• 30 May 2023
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EU slaps Meta with $1.3 billion fine over data privacy breach

EU slaps Meta with $1.3 billion fine over data privacy breach

Meta, the parent company of Facebook and Instagram, has been ordered to pay a record $1.3 billion (€1.2 billion) fine by the European Union for failing to comply with the bloc’s stringent privacy rules.

What are the EU’s privacy rules?

The EU privacy rules, also known as the General Data Protection Regulation (GDPR), are a set of regulations that aim to protect the personal data and privacy of EU citizens. The GDPR requires companies to obtain consent from users before collecting and processing their data and to provide them with clear and transparent information about how their data is used and shared. The GDPR also gives users the right to access, correct, delete, and transfer their data, and to object to or restrict its use.

How did Meta violate the GDPR?

The fine was imposed, according to the Irish Data Protection Commission (DPC), the primary EU regulator for Meta, because Meta had not taken all necessary precautions to ensure the privacy of EU users’ data when it was transferred to the US. The DPC found that Meta had persisted in relying on Privacy Shield, a legal framework that the EU’s top court had declared ineffective in 2020 because it was insufficiently effective at protecting users from US government surveillance. The DPC also said that Meta had failed to provide clear and comprehensive information to users about its data transfers and the risks involved.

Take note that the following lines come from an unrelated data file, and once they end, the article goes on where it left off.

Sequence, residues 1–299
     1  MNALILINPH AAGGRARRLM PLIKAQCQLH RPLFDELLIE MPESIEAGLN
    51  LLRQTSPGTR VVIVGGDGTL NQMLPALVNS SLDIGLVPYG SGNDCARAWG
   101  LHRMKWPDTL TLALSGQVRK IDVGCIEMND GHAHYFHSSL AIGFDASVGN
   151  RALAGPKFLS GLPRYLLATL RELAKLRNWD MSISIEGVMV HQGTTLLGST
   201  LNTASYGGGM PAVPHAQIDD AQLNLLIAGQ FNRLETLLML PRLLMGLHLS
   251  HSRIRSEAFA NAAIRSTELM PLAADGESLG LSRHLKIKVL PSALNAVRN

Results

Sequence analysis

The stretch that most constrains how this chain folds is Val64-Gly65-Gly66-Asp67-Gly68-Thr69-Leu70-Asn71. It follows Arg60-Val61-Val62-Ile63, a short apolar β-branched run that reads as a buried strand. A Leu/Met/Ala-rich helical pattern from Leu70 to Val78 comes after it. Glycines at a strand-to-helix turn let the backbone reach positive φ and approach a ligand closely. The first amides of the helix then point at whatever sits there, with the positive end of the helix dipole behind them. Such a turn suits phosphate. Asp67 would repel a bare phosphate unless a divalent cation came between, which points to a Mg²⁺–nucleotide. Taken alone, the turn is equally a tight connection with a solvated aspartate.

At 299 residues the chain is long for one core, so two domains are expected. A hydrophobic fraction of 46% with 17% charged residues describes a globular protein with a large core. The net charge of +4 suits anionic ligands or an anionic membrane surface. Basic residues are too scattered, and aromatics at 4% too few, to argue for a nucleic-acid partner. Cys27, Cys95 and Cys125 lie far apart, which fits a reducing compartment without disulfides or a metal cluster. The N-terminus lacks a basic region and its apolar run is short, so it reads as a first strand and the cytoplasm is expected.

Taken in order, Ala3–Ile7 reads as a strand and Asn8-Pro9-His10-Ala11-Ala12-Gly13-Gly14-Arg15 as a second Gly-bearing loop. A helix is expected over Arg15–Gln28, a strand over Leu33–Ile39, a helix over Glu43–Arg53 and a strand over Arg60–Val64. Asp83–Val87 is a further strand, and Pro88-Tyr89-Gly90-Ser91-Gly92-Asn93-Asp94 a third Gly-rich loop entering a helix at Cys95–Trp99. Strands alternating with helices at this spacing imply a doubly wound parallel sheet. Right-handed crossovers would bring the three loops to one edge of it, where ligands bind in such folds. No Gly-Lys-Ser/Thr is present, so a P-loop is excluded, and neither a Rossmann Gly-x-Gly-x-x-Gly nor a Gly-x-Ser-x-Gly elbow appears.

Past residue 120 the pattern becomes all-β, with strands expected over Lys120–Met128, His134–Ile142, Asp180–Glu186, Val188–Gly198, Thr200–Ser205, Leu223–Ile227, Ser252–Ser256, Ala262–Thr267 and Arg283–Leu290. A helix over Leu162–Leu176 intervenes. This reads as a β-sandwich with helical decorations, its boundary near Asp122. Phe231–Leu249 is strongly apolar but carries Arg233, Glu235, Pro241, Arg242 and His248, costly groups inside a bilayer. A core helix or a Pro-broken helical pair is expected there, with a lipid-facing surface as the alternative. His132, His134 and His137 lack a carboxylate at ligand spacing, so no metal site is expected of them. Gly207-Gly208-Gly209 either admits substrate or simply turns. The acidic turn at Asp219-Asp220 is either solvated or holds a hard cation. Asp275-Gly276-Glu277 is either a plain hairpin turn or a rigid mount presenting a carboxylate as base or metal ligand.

What are the consequences of the fine?

The fine, which surpasses the previous record set by Amazon by the data protection authority of Luxembourg in July 2020, of $887 million (€746 million), is the largest ever imposed under the GDPR. The fine amounts to about 4% of Meta’s global revenue in 2020, which is the maximum penalty allowed under the GDPR. The DPC also ordered Meta to immediately stop transferring EU users’ data to the US unless it could ensure an equivalent level of protection as required by the GDPR. Meta has said it will appeal the decision and challenge its legal basis.

What are the implications of the fine?

The fine is a major blow to Meta, which has faced increasing scrutiny and criticism over its handling of user data and its impact on society. Meta has also been accused of spreading misinformation, hate speech, and harmful content on its platforms and of undermining democracy and human rights around the world. The fine could also have wider implications for other US tech giants that transfer EU users’ data across the Atlantic, such as Google, Apple, and Microsoft. They could face similar fines or legal challenges if they do not comply with the GDPR or find alternative ways to safeguard their data transfers.

 

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